Azerbaijan International

Spring 1998 (6.1)
Pages 52-53

Reviving the Memory of Silenced Voices
Khudadat bey Rafibeyli - Doctor and Govenor

by Azad Sharifov

Rafibeyli Khudadat, Javahir KhanomEven though Khudadat Rafibeyli was once quite famous in the province of Ganja in Azerbaijan, his name is seldom mentioned today. His story is part of the history that was "erased" when the Soviets came to power. Documents that recently surfaced tell of a compassionate doctor and a prudent administrator who was summarily crushed by the Soviet regime in 1920. His story is like that of many Azerbaijani heroes who never appeared in Soviet history books.

Photo: Khudadat Rafibeyli and his wife, Javahir Khanim.

Sooner or later, time puts everything in perspective, and names that seem to have vanished forever come back to us-names that authorities tried to delete from the memory of our nation. Even though these names were condemned to be forgotten, they have somehow survived in spite of all prohibitions and restrictions. They've survived, thanks to those who have kept the memories of their heroes alive.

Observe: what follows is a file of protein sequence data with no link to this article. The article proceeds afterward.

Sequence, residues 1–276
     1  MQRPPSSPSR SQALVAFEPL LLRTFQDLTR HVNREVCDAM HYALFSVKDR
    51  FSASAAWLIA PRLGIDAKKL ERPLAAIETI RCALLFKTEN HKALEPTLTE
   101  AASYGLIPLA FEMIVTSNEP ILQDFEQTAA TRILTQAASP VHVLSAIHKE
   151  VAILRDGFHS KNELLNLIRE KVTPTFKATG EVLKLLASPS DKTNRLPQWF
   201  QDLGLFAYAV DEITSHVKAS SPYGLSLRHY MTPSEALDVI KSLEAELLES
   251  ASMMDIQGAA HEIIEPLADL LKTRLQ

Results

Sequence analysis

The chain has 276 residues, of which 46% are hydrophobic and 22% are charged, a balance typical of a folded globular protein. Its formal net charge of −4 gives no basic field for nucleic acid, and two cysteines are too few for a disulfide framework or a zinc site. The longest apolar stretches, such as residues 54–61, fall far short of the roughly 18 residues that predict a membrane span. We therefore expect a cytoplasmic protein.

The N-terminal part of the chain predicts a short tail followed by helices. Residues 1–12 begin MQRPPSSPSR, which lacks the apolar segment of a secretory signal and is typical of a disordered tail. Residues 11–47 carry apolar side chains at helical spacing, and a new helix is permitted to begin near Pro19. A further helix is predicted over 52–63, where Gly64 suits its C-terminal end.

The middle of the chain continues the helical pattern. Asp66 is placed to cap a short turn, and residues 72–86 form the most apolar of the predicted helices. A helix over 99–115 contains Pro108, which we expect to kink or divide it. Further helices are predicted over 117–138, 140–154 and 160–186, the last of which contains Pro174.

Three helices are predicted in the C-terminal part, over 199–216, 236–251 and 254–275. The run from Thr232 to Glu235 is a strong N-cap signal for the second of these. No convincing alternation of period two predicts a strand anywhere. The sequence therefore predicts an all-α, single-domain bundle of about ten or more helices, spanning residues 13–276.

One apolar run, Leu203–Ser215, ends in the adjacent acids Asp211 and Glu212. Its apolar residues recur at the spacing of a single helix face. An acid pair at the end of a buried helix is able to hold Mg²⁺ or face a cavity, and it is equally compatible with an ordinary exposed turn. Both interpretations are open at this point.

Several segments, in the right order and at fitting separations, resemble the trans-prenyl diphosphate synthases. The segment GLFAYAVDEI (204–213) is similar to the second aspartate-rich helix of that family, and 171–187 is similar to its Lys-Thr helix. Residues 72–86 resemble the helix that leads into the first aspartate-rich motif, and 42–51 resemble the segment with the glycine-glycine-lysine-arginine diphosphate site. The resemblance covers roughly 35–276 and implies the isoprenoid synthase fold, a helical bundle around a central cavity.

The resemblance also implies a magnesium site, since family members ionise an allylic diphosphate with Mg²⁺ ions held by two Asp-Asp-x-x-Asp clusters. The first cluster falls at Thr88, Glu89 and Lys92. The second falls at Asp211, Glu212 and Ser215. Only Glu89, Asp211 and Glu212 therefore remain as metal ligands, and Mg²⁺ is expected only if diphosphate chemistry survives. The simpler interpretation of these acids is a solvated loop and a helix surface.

If it weren't for such people, we'd never have been able to revive the good name of Khudadat Rafibeyli. Materials about Rafibeyli have been resting for years inside dusty archives. They reveal the wide variety of activities in which this man was involved. Only recently did it become possible for these papers to "speak."

Who was Khudadat Rafibeyli? We know that he was from the province of Ganja in Azerbaijan and was the son of the respected Alakbar bey Rafibeyli. He was one of the first surgeons in Azerbaijan to receive his diploma. We also know that Rafibeyli was the Minister of Health and Social Care during Fatali khan Khoyski's government and that he was the provincial governor of Ganja. Even with these facts, however, we know little about this man. This little bit of information seems to reveal a legend.